Margin for Error (1943)


(director: Otto Preminger; screenwriters: Sam Fuller/Lillie Hayworth/based on the play by Claire Booth Luce; cinematographer: Edward Cronjager; editor: Louis Loeffler; music: Leigh Harline; cast: Joan Bennett (Sophie Baumer), Milton Berle (Moe Finkelstein), Otto Preminger (Karl Baumer), Howard Freeman (Otto Horst), Carl Esmond (Baron Max Von Alvenstor), Clyde Fillmore (Dr. Jennings), Ralph Byrd (Pete, the Dice-Playing Soldier), Byron Foulger (Drug Store Clerk), Poldy Dur (Frida); Runtime: 74; MPAA Rating: NR; producer: Ralph Dietrich; 20th Century Fox; 1943)

“Gets a poor treatment on screen.”

Reviewed by Dennis Schwartz

A disappointing black comedy directed by Otto Preminger(“Laura”/”Exodus”/”The Cardinal”). It’s based on the popular Broadway play by Claire Booth Luce, that gets a poor treatment on screen. It’s written by Lillie Hayworth and Sam Fuller.

The parody is set just prior to WW II. Karl Baumer (Otto Preminger), the sadistic monocled German consul, is stationed in New York. The consul’s wife Sophie Baumer (Joan Bennett) is locked into a loveless marriage, but stays married to the Nazi tyrant only to safeguard her father in Czechoslovakia and relatives in Germany. The consul’s assistant, Baron Max Von Alvenstor (Carl Esmond), takes the fall for his boss’s misuse of funds. Soon the consul turns up dead (he’s found poisoned, stabbed and shot). The Jewish policeman (Milton Berle) investigating the mysterious death calls it a suicide.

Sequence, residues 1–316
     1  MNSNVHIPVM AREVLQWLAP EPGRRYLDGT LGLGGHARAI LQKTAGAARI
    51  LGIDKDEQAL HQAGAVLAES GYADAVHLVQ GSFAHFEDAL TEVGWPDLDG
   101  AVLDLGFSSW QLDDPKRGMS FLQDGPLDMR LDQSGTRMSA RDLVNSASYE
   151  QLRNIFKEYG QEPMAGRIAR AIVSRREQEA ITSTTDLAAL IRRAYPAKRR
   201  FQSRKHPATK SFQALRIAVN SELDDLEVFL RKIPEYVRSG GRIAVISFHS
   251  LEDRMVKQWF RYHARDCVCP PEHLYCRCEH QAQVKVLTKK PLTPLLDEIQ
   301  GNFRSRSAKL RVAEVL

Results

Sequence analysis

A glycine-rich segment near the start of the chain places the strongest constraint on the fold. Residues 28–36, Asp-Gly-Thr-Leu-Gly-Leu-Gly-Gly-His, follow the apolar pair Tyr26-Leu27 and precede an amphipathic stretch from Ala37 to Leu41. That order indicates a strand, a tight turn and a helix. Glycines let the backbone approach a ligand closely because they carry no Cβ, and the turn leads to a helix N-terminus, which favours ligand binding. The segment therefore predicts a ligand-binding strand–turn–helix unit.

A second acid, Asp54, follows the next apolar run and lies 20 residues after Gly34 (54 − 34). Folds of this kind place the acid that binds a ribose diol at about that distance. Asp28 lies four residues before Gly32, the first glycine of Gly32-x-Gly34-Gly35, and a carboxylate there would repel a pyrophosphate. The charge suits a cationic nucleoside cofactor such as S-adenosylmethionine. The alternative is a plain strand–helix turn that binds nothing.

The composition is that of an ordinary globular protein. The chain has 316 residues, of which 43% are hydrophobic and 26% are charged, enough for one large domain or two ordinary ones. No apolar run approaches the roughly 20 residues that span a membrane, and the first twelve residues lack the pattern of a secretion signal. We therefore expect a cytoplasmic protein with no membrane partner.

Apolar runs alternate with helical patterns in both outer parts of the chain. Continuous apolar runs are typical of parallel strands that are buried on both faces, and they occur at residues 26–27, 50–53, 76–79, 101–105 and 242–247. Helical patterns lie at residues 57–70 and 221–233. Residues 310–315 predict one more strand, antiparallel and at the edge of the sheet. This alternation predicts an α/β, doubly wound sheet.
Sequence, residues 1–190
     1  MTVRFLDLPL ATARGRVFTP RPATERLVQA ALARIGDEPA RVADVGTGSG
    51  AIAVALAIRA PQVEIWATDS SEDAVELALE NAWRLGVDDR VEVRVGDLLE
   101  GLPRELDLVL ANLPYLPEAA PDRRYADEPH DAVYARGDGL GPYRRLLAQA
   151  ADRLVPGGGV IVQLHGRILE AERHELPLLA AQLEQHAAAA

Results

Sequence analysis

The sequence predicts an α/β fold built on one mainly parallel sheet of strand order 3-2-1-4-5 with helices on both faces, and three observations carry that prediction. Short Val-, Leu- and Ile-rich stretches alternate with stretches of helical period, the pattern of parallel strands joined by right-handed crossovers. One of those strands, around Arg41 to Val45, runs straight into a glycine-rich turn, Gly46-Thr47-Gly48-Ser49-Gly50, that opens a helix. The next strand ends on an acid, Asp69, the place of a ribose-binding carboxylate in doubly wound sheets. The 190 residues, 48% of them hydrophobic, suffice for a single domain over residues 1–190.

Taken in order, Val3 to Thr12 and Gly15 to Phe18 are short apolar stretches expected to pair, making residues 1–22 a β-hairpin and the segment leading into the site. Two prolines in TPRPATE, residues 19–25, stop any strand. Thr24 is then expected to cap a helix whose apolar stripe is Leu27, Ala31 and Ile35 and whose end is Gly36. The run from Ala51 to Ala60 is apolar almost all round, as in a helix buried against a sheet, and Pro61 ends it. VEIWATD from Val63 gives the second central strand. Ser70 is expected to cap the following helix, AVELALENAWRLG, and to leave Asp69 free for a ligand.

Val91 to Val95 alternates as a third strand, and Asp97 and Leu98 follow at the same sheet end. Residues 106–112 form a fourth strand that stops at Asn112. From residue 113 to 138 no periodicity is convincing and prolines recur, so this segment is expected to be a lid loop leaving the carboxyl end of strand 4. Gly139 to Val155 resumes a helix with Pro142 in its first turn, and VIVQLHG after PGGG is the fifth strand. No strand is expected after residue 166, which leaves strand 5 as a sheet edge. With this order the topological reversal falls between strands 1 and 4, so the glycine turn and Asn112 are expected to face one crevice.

Preminger tells the story in flashback, from the POV of Berle, who is on a boat going overseas to fight at the onset of the war. Everything about the film is stagy and not suited for film. What makes things worse is Preminger’s heavy-handed direction. There are a few mild laughs, in a comedy that should have been funnier.


REVIEWED ON 12/29/2014 GRADE: C+